The Supreme Court of Canada begins three days of hearings today into the federal government's proposed amendments to the election and term limits of Senators. The federal government has, since it was first elected, attempted on numerous occasions to pass legislation to make the Senate elected and, arguably, more effective (the last of the Triple-E, equal, is seemingly left for another day).Bill C-7 mainly provides that:
- if a province or territory enacts legislation for the selection of Senators (not necessarily an election), the Prime Minister, in recommending Senate appointments to the Governor General, must consider names from the province's or territory's list
- newly-appointed Senators remain Senators only for nine years (term limits)
There was significant debate before the Parliamentary committees and amongst academics as to whether these reforms were constitutional. The Constitution Act, 1982, provides five procedures for amending the Constitution. The federal government argues that Parliament is entitled to amend the Constitution as it relates to the method of selection and term limits without obtaining the consent of the provinces.
On term limits, the provinces largely disagree they argue that any reform to the Senate requires approval of the federal Parliament and 2/3 of the provincial legislatures representing at least 50 percent of the population of all of the provinces (the 7/50 rule). Ontario and Saskatchewan argue that the federal Parliament can provide for term limits, provided that they are not so short that they interfere with the Senate's ability to be a place of "sober second thought" (nine years for Ontario, 10 years for Saskatchewan).
On selection, Alberta and Saskatchewan agree with the federal government. The remaining provinces argue that advisory elections (because the provinces cannot bind the Prime Minister never mind the Governor General) require an amendment under the 7/50 rule.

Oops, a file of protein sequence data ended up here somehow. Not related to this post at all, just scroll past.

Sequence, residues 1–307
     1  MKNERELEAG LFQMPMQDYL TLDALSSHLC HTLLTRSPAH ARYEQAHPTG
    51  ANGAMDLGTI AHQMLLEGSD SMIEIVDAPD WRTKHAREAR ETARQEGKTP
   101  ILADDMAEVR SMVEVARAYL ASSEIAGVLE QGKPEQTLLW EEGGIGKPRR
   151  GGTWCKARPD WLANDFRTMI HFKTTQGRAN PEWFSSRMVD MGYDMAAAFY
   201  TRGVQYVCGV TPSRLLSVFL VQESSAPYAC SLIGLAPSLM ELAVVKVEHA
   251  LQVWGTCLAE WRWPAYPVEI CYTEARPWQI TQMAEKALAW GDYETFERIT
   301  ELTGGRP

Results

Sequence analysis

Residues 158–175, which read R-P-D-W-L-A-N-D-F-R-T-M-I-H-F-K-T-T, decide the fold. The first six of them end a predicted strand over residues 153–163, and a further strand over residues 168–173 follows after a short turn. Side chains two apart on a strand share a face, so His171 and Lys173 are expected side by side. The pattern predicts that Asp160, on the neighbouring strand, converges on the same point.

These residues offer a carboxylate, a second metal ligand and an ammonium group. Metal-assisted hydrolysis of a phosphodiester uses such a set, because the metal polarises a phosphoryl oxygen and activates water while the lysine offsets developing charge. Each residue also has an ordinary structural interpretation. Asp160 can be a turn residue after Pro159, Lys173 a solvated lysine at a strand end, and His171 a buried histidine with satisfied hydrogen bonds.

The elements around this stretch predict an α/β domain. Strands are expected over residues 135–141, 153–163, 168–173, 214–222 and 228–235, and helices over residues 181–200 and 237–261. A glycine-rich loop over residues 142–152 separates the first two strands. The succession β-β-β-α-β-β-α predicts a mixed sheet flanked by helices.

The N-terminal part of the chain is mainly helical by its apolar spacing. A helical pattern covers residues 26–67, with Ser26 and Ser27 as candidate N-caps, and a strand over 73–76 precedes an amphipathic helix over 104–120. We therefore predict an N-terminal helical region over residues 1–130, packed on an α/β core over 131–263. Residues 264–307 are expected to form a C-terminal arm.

Against the backdrop of the suspension of Senators Wallin, Duffy and Brazeau, the more interesting issue may be the one tucked into the back of the reference: what is the procedure for abolishing the Senate? The federal government, Alberta and Saskatchewan argue that the 7/50 rule governs. The other provinces argue that all of the provinces have to unanimously agree.
Though references, especially about amending procedures under the Constitution, can be a snooze-fest, this one is likely to prove different. The Quebec Court of Appeal ruled in late October that the 7/50 rule applies to Bill C-7. Last week, Saskatchewan repealed its legislation allowing for the election for Senators and called for abolition of the Senate. PEI appears prepared to agree to Senate reform, but only in exchange for increased representation in the House of Commons. And, to add, the Supreme Court of Canada will be down a judge, with Justice Nadon sitting out pending another reference in January.